I understand that in the limit that $\hbar$ goes to zero, the Feynman path integral is dominated by the classical path, and then using the stationary phase approximation we can derive an approximation for the propagator which is a function of the classical trajectory (see this document, pg 46).

I am under the impression that this further implies that the particle follows the classical trajectory but I don't understand how the above mentioned fact implies this.

The propagator describes the time-evolution of the wavefunction, so I would think that this classical limit form of the propagator should give a time-evolution in which the wavefunction follows the classical trajectory, but I have not been able to find such work. Moreover, even this statement itself is problematic since the wavefunction describes a probability distribution and not a single trajectory.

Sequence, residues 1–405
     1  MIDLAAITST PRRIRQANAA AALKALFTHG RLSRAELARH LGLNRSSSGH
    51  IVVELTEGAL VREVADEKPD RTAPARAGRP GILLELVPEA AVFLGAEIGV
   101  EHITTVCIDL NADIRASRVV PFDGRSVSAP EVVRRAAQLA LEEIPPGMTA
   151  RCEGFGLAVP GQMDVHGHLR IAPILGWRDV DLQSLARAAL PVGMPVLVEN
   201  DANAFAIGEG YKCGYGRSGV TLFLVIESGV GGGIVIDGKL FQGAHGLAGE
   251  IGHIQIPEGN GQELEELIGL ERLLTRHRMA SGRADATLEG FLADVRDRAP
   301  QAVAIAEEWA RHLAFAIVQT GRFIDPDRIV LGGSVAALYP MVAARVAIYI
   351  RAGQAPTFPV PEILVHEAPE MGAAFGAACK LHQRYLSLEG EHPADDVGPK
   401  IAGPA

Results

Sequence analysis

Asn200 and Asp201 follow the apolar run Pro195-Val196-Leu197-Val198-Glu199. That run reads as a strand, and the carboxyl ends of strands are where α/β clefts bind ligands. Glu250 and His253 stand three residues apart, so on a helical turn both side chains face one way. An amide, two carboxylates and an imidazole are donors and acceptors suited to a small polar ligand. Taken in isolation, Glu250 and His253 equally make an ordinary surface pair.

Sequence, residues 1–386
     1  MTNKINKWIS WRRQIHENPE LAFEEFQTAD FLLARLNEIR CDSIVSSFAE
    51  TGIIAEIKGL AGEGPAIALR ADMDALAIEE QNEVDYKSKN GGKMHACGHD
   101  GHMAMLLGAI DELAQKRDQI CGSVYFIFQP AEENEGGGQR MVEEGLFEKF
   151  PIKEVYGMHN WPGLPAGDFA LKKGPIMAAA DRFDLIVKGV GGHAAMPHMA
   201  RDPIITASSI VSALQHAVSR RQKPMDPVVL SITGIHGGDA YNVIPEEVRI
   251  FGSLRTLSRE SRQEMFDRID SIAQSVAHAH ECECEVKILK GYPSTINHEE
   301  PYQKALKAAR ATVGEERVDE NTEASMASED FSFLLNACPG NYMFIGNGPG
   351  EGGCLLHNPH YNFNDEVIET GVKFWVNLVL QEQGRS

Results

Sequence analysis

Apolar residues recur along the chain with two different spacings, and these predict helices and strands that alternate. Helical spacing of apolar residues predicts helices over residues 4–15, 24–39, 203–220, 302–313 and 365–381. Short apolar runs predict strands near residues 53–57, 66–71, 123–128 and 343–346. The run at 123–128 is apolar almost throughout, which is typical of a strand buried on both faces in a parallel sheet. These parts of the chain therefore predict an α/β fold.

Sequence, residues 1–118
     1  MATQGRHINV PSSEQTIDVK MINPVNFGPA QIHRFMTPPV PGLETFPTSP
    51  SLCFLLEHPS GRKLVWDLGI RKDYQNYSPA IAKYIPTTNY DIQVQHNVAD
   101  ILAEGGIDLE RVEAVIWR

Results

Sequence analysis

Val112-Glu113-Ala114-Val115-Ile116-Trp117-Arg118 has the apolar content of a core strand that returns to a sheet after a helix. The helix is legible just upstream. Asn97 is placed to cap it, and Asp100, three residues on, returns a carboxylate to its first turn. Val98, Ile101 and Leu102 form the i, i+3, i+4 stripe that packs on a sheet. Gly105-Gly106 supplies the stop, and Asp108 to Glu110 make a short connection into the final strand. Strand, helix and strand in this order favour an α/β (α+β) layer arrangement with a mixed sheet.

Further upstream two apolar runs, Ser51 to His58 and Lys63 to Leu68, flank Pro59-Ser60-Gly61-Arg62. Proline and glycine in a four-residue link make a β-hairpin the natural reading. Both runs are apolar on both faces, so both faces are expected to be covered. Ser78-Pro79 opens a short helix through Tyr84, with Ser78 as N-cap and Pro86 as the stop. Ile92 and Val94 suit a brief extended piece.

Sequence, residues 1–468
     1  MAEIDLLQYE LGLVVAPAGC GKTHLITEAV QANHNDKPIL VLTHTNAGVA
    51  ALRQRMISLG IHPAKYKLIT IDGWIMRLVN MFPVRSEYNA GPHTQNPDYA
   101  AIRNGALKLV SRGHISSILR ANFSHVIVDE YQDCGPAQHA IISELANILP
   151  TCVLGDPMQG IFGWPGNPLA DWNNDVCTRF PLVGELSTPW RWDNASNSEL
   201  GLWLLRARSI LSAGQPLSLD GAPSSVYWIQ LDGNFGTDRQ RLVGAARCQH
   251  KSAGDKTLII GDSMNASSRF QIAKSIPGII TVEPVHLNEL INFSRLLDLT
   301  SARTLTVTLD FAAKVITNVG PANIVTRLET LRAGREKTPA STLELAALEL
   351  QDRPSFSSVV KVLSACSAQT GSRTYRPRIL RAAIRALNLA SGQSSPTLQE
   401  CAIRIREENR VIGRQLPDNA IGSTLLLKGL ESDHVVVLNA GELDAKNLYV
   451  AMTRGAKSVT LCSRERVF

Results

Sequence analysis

$\textbf{New Edit:}$ In section 7 of Feynman's paper introducing the path integral (see here) he discusses the classical limit. It appears that the key to understanding why the fact that the classical path dominates the path integral further implies that the particle follows the classical trajectory may be found in Feynman's remark on pg 21: "Now we ask, as $\hbar → 0$ what values of the intermediate coordinates $x_i$ contribute most strongly to the integral? These will be the values most likely to be found by experiment and therefore will determine, in the limit, the classical path." However, I don't understand why "These will be the values most likely to be found by experiment" ?

standardliterature. – Chris Gerig Jul 18 '12 at 0:06